Thursday, July 05, 2007

Viva Falafel y Buena Suerte, Mexico

Last week I strolled into Aladdin Express (aka Aladdin’s at Broad and Laurel) and brought back a falafel for lunch. I’ve been going to Aladdin’s for years (10, to be exact) and I usually don’t stray too far from their savory and saucy falafel pita sandwich. For a while there, I was compulsive about falafel, ordering it everywhere I saw it on the menu and always comparing it to Aladdin’s consistently delicious hand-held meal.

Too often at other eateries, I have ordered falafel and rather than receiving fried balls of mashed chick peas and spices, what I got was a crumbly mess of rehydrated and fried prepackaged mix (yuck!). Other places go astray by tinkering with the tahini dressing, or getting too fancy with the veggies, imprecise pita manipulation, over or under-fried falafel balls, etc. Feel free to chime in and report your crimes against falafel (or to mention other good falafel venues, like the Mediterranean Bakery on Quioccasin).

What you receive for $3.99 at Aladdin’s is a 7” pita with a hole cut into the top. Dropped inside* you find a good balance of fried falafel balls, raw onions, tomatoes, and iceberg lettuce, all topped with a thick lemon tahini sauce that slowly drips down through the ingredients to the bottom of the pita. Yes, it’s bursting at the seams and unavoidably messy. But the combination of flavors and sloppiness just seems appropriate. I usually add a drop of Texas Pete hot sauce on each bite, just to make doubly sure that all of my senses are triggered during lunch break. For a little extra, they will throw hummus, baba ghanouj, or tabouli into the already stuffed pita.

Anyhow, I'd like to take a moment to reminisce about an old friend (the sandwich and Aladdin's owner). Behind the counter, Al (god, I hope that’s his name) greeted me after a couple years of missing each other. In recent years, I have been finding vegetarian lunch-break food in places other than Aladdin’s extensive Middle Eastern menu. And Al has been doing well enough with his restaurant (thanks to hooka-toking VCU kids) to consistently delegate cooking and cashier duties. I told him that he’s looking younger and well rested.

Al’s eyes light up. “You know what my secret is?” he says? “Um, you’ve finally gone vegetarian?” “No. Whole wheat pita with fennel seeds. I don’t sell it here, because it would raise the price of my sandwiches. Would you like to try it? You like spicy, right?” “Always. Lay it on me.”

In a couple minutes, Al presents me with a toasted corner of pita bread. There are fennel seeds imbedded in the dough, along with some specs that may have been black sesame seeds. Really yummy stuff, with a warm taste of licorice that really filled my mouth with flavor. I tell him that I like the bread. Once I'm back at the office, I’m not surprised to find that he’s made my falafel sandwich with his special pita/fountain-of-youth. It was delicious, although, by the end, I didn't want to see another fennel seed for a week. Next time, I'll ask him where I can buy the stuff myself.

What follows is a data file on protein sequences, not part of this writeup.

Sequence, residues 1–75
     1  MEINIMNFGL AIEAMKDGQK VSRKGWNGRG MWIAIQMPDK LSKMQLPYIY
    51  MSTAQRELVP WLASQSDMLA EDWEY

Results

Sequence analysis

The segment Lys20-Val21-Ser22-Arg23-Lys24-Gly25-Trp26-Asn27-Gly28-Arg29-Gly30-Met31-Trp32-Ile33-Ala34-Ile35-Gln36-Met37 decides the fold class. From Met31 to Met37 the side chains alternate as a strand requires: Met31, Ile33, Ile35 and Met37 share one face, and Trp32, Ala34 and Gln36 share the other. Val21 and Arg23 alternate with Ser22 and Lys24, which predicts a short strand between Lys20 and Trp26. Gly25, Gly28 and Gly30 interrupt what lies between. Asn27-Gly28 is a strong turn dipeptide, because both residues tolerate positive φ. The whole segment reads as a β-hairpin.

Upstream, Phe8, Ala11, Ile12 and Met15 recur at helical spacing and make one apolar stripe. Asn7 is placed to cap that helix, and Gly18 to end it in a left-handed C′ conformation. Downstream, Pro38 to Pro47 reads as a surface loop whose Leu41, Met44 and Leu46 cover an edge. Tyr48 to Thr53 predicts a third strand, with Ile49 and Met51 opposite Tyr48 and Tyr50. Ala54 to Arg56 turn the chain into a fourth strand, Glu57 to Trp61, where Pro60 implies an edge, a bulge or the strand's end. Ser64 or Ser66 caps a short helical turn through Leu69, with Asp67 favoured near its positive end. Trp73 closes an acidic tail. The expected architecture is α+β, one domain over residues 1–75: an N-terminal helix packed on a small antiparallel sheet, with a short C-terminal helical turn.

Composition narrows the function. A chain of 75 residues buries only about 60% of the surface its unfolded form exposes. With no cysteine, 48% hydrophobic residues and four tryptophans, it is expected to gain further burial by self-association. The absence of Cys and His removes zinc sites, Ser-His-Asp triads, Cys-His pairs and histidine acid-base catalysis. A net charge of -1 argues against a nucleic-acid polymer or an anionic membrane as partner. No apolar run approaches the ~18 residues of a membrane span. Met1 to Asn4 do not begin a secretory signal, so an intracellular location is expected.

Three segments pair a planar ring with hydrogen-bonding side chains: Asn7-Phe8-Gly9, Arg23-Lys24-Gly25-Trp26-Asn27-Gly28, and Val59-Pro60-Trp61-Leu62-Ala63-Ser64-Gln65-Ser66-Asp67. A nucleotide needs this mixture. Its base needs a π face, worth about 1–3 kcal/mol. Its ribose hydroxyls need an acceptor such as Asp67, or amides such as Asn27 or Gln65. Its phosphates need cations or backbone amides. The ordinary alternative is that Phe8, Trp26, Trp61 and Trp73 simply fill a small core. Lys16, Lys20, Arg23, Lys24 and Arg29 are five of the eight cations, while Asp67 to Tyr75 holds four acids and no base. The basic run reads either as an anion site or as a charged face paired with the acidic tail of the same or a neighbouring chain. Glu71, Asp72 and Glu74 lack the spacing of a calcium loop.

* At the bottom of Aladdin’s falafel, you will find the very piece of pita bread that was cut from the top to create the opening. Apparantly, they just drop it inside after they cut it of the top. Every time for the past 10 years, it’s right there at the bottom of the sandwich waiting for me. Little touches often make food that much more comforting

Buena Suerte, Mexico

I’ve been probing all of my friends who’ve visited Viva Mexico in Carytown and I haven’t heard a critical word from anyone (or any real excitement either). Maybe I’m just a food snob (do ya think?), but I was not impressed when I went there during their first week open. I know, you can’t judge a restaurant by it’s food for the first six months, but how hard is it to crank out a standard Mexican menu? If there really is a period of adjustment for all restaurants, Viva Mexico clearly needs one.

At Viva Mexico, I enjoyed speaking Spanish with the staff, but I did not eat a single bite that made me smile with pleasure. Okay, maybe the cheese dip, but I’m a sucker for chip’n’dip. The thing that has stuck with me most is that the beans were completely devoid of flavor and fat. This coming from a vegetarian who guiltily looks forward to the essence of lard in his Mexican food (don’t ask, don’t tell, ya know?). My wife didn’t want to speak ill of the place, but did mention that the meat in her taco was totally plain.

I didn’t want to blog about the experience. Karen and I are both excited to be able to walk to a Mexican restaurant. However, after eating there, I came to the conclusion that they were skimping and cutting corners to make ends meet in the high rent blocks of Carytown. It might pay off for them in the short run, but I wondered how long Carytown shoppers would fill their booths without el sabor de los chiles to look forward to.

We haven’t been back since, and I’m hoping that the cooking techniques at Viva Mexico change over time. Anyhow, Dana Craig’s review of Viva Mexico in today’s RTD hits the nail on the head. Rather than talk a bunch of trash, I’ll just endorse today’s review.

Buena suerte, Viva Mexico (that means good luck, by the way)